The reasons for suboptimal nutritional intake within ultra-endurance competitions are not fully understood. Therefore, the current programme of research discusses the findings from a series of studies that explored the factors that influence the competitive food choices of ultra-endurance athletes. Study 1 indicated that nutrition knowledge was not a strong predictor of food choice in these athletes. Study 2 used a mixed methods approach to explore the wider influences of food selection during ultra-endurance competition. In study 2, 101 ultra-endurance athletes completed a bespoke food choice questionnaire (U-FCQ) using a 7-point Likert style rating scale (1 = extremely unimportant to 7 = extremely important). A further 14 ultra-runners took part in semi-structured interviews. High levels of importance were attached to the avoidance of gastrointestinal symptoms (GIS) during the U-FCQ (6.6 ± 0.8) and the interviews (‘bloating’ ‘nausea’). Similarly, the need for energy (6.5 ± 0.8) and to overcome logistical challenges (6.1-6.3) was evident in both data sets. In the interviews, participants referred to specific nutrients (‘carbohydrate’ ‘sodium’) and food properties (‘portability’ ‘chewy’) that were either favourable or detrimental to nutritional intake. As an example, chewy foods were difficult to ingest and compromised intake. Many athletes rated being ‘nutritious’ (6.3 ± 0.7) as highly important to their food choices, but few runners commented on this during the interviews. Strong influences absent from the U-FCQ included the avoidance of other physiological symptoms (‘cramps’ ‘hunger’) and the athlete’s personal values. This included sensory preferences for specific tastes and the ‘familiarity’ of individual items. Conflict between studies likely reflects situation specific differences in food choice that are common in the literature, along with the scope of the data collection tools. The interviews enabled the researchers to explore the complexity of the food choice process, which was not possible using the U-FCQ. Particularly, how athletes balanced conflicting demands for fuel and cues to stop eating, especially in the latter stages of the race. This suggests that athletes would benefit from a race nutrition plan that is flexible and allows them to manage competing, dynamic nutritional drivers.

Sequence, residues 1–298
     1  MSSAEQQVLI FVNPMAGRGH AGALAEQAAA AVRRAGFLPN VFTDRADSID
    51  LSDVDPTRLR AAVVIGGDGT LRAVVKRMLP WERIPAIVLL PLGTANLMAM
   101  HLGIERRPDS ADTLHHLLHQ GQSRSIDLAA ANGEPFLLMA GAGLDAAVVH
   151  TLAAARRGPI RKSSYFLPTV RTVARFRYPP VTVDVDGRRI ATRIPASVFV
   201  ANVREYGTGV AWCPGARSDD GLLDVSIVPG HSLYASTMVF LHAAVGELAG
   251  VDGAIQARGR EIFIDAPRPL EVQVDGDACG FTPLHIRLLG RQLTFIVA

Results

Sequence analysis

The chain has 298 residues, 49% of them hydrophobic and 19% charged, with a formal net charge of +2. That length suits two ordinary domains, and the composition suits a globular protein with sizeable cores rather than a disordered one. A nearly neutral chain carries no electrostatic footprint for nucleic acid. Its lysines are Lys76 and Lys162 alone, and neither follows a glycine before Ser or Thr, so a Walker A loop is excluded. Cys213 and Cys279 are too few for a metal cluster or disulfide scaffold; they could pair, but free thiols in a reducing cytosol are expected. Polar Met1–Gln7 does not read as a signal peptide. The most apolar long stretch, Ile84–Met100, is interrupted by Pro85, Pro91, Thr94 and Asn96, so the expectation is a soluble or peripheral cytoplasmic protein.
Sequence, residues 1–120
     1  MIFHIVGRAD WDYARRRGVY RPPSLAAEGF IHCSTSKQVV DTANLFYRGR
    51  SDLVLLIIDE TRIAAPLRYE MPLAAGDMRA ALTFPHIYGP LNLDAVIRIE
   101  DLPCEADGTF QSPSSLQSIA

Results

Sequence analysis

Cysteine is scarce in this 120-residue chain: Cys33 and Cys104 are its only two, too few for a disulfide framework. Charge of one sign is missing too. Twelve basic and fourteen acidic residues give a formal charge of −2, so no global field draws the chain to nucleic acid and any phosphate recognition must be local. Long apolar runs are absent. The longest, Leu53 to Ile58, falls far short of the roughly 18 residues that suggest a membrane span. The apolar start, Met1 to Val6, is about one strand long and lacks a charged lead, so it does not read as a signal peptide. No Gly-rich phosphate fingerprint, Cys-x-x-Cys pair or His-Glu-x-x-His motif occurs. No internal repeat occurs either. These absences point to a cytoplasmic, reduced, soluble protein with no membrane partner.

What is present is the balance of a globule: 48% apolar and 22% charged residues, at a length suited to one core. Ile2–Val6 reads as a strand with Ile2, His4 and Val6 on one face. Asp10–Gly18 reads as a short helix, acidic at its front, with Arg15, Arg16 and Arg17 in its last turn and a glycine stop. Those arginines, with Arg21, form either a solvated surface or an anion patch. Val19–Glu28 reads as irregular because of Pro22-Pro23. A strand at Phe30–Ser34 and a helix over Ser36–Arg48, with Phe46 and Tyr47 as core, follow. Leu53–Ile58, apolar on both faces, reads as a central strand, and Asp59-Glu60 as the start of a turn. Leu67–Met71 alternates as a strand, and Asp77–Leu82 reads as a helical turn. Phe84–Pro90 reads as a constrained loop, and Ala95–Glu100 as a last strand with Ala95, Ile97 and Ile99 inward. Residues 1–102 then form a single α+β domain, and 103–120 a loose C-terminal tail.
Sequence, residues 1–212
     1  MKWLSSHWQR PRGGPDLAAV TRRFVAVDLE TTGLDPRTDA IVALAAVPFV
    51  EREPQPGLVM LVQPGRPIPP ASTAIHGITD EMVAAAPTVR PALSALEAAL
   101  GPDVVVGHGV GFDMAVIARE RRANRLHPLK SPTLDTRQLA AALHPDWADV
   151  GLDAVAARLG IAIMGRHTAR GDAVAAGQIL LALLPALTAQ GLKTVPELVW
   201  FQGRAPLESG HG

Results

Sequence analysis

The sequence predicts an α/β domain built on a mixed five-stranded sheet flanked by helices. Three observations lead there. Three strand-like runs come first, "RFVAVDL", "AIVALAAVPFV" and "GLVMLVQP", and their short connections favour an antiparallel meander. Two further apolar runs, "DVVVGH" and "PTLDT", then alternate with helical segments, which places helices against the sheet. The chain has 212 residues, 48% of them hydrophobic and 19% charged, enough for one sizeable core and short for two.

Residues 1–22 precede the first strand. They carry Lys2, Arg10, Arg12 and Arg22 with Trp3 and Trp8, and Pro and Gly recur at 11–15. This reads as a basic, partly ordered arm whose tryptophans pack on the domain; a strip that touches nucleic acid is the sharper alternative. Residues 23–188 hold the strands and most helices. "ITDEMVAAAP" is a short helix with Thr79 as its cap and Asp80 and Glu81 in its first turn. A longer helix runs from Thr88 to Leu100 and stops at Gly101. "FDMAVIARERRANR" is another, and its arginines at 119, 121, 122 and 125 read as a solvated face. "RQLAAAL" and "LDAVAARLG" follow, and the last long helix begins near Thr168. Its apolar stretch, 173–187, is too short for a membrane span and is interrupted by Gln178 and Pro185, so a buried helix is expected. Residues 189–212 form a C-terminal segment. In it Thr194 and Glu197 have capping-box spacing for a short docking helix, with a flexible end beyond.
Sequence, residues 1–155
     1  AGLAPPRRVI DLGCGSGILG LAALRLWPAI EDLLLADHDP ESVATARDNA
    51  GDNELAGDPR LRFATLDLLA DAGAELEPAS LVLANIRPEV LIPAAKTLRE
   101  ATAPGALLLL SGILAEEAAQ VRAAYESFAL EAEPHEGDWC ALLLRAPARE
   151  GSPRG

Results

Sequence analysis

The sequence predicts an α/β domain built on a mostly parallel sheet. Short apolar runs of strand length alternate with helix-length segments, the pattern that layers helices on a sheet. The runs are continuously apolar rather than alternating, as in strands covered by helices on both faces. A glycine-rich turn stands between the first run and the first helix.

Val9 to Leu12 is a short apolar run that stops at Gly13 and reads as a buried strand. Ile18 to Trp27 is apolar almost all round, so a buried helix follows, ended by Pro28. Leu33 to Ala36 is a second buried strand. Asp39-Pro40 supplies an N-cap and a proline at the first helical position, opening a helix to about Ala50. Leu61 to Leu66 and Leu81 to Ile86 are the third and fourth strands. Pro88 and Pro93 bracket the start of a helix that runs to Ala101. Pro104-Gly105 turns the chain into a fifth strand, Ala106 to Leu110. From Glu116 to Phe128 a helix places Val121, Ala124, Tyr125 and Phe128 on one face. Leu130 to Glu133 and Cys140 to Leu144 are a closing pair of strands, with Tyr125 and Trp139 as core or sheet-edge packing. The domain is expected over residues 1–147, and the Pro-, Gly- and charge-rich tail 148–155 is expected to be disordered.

|Publication status||Published - 1 Jun 2019|
|Event||International Sport and Exercise Nutrition Conference - Newcastle University , Newcastle, United Kingdom|
Duration: 18 Dec 2018 → 20 Dec 2018
|Conference||International Sport and Exercise Nutrition Conference|
|Period||18/12/18 → 20/12/18|